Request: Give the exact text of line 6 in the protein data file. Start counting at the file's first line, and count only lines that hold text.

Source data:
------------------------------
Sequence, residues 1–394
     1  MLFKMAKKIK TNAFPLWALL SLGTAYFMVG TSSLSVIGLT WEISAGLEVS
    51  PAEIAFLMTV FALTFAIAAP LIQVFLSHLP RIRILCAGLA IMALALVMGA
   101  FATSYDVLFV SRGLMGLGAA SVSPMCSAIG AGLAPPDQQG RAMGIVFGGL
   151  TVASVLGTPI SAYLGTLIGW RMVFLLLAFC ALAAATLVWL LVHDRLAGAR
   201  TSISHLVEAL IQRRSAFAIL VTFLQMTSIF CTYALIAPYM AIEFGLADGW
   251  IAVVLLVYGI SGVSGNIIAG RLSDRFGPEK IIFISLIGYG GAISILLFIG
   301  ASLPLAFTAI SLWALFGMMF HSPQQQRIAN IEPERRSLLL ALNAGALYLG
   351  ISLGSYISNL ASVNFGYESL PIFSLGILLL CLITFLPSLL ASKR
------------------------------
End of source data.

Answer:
   201  TSISHLVEAL IQRRSAFAIL VTFLQMTSIF CTYALIAPYM AIEFGLADGW